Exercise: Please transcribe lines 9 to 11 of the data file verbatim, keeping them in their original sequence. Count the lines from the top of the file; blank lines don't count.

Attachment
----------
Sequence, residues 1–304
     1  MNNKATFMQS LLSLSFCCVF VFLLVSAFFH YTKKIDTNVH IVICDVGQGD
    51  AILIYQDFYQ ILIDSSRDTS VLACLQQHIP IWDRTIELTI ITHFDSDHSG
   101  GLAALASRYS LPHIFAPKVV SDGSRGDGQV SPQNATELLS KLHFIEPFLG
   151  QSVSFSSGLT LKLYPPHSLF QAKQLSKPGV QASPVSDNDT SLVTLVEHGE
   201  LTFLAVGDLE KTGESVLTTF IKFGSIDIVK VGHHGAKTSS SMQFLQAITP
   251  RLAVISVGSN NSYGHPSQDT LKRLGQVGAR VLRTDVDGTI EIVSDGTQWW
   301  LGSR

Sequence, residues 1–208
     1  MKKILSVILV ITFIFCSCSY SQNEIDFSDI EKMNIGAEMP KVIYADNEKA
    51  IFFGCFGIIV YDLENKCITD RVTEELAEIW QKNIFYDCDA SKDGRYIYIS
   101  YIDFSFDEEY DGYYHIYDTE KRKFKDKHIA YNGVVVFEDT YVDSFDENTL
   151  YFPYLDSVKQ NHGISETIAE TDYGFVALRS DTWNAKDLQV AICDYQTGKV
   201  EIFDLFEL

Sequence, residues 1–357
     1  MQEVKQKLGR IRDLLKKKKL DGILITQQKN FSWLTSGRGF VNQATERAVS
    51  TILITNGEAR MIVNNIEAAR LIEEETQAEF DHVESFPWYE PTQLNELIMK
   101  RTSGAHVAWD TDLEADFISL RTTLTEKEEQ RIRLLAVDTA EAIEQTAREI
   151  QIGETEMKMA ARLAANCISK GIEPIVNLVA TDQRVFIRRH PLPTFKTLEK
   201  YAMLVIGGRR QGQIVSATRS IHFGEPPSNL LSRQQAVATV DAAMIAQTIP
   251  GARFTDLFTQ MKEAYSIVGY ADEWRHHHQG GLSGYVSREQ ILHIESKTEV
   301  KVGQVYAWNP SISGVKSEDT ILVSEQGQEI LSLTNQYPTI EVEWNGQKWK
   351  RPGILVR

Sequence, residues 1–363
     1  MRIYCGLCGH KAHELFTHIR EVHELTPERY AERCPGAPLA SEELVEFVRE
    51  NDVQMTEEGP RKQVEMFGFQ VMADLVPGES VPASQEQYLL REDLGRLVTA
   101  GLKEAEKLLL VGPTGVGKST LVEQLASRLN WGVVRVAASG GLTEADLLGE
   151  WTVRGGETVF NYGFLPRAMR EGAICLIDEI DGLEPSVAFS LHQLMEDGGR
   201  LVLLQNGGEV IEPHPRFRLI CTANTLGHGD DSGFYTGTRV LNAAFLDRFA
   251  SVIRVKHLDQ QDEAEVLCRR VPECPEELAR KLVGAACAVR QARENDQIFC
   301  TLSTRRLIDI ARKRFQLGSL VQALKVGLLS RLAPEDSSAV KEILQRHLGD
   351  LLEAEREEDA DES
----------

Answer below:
Sequence, residues 1–208
     1  MKKILSVILV ITFIFCSCSY SQNEIDFSDI EKMNIGAEMP KVIYADNEKA
    51  IFFGCFGIIV YDLENKCITD RVTEELAEIW QKNIFYDCDA SKDGRYIYIS